In control engineering, the concepts of stability and instability precede the design of the control algorithms themselves. As an engineering student, studying and understanding the behavior of dynamic system is a prerequisite to controlling them. As elementary it is as an engineering concept, it often seems to be beyond our collective comprehension as a society, even if it is well within our individual grasp. While most of us may scratch our heads when looking at a Nyquist Plot, we do understand that you’ve got to start backing off the accelerator even before you get up to your desired speed.
When I was a younger man, I had a roommate who drove a Datsun 280Z. This was a nifty little car. Price-wise, it was accessible to the young, the working class, without breaking the bank like. Not only was it affordable to buy but it was affordable to own. It was a pleasure to drive and, top it all off all, it was fairly impressive performance-wise. I nice example of the “roadster” style.
We took a few summer road trips together and, on more than one occasion, he asked me to drive so he could take a nap, sober up, or just monkey with his cassette deck. Before letting me drive for the first time, he gave me a bit of a run down on his car’s performance. “Don’t go over 90 mph,” he warned me, as the car would shake violently shortly after crossing the 90 mark on the speedometer. Needless to say, the car never shook itself apart while I was driving. Perhaps that was because, as a conscientious and responsible youth, I would never exceed the speed limit. Perhaps it was because it he wasn’t entirely correct about the circumstances under which his car would have vibration issues.
My point is, most of us have a gut understanding of frequency response and stability and the struggles of controlling it. The seriousness of the problem is exposed in the design of mechanical systems and, in particular, those that incorporate high-frequency rotation of components. Deeper understanding and mathematical analyses are necessary prerequisites to assembling a piece of machinery that will hurtle through the night at speeds approaching 100 mph. In the case of my friend’s Datsun, as cyclic energy is induced into a system, it is possible for those inputs to resonate in the spring-like manifestations of the system’s passive structure. Without proper analysis and design, a vehicle’s suspension system might well start to exhibit extreme vibration at high speeds. The same applies to any dynamic system. We are all familiar with the violently-shaking washing machine, whether we have one in own home or not.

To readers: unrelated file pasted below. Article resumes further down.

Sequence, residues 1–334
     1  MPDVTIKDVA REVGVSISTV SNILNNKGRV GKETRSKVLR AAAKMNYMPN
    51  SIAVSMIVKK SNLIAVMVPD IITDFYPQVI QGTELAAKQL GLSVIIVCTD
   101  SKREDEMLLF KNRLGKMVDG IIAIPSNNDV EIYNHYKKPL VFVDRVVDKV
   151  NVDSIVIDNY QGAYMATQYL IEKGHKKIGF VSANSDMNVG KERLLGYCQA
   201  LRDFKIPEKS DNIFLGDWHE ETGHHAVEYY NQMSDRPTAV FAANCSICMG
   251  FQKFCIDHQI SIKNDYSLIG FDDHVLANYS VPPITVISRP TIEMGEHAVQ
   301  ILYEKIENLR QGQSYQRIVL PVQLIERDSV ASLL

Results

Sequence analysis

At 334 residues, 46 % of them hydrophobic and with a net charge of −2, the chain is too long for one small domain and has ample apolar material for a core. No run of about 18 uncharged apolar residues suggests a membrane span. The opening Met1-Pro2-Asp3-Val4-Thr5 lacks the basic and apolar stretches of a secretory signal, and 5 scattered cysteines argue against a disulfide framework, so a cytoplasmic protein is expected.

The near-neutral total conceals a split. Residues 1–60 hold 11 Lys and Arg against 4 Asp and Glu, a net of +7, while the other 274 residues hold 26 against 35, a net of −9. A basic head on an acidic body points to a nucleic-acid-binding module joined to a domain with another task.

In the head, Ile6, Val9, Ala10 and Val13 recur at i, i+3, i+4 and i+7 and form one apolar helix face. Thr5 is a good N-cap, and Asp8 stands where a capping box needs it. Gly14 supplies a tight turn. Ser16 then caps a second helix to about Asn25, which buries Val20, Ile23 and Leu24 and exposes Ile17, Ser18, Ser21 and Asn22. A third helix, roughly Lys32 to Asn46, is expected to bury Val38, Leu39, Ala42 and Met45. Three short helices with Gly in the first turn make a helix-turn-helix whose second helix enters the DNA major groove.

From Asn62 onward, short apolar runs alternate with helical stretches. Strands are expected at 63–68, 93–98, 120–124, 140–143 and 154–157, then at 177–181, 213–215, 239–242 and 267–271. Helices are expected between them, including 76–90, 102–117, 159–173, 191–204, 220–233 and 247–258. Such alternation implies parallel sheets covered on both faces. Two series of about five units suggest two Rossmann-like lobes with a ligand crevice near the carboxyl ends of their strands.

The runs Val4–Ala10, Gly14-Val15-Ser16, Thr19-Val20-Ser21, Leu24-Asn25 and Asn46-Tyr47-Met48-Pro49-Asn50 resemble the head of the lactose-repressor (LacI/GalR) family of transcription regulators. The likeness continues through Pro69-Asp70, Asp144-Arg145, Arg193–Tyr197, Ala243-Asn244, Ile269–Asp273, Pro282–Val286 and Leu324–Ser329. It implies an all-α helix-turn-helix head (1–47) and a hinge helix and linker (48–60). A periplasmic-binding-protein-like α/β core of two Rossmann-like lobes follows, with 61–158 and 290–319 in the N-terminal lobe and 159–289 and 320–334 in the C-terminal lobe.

Naturally, the mathematics apply to non-mechanical systems as well. Often the effects are far more serious than a shaking car or a jumping washing machine. In electric circuits, resonance can produce seemingly impossibly-high voltages and currents. Water hammer in a hydraulic system can crush equipment and cause explosions. The analyses that help us understand these physical phenomenon, I’ll argue today, would also help us understand interactions in social systems and the effect of a “black swan event,” if we allow them to.
It’s the Stupid Economy
The sometimes-sizeable gap between “gut feel” and mathematical certainty is particularly common to complex systems. Coincidentally, our body politic is eager to tackle the most complex of systems, attempting to control them through taxation and regulation. The global climate and national economies seem to be a recent, and often interconnected, favorite. I shall leave the arguments of climate science and engineering to others and, today, focus on the economy. When it comes the politics of the economy, I have noticed a pattern. When it comes to the intersection of economics and politics, the thinking is shockingly short-term. Shocking, because the economic environment may be the number one predictor for the outcome of an election. A good economy strongly favors the incumbents whereas economic misery almost guarantees a changing of the guard. You would think that if the economic conditions are what matter most to us, when it comes to our one contribution to the governance of society, we’d be eager to get it right. Yet, what seems matter most are the economic conditions on the day of the polling. Four years of economic growth doesn’t mean much if the economy tanks on the 30th of October.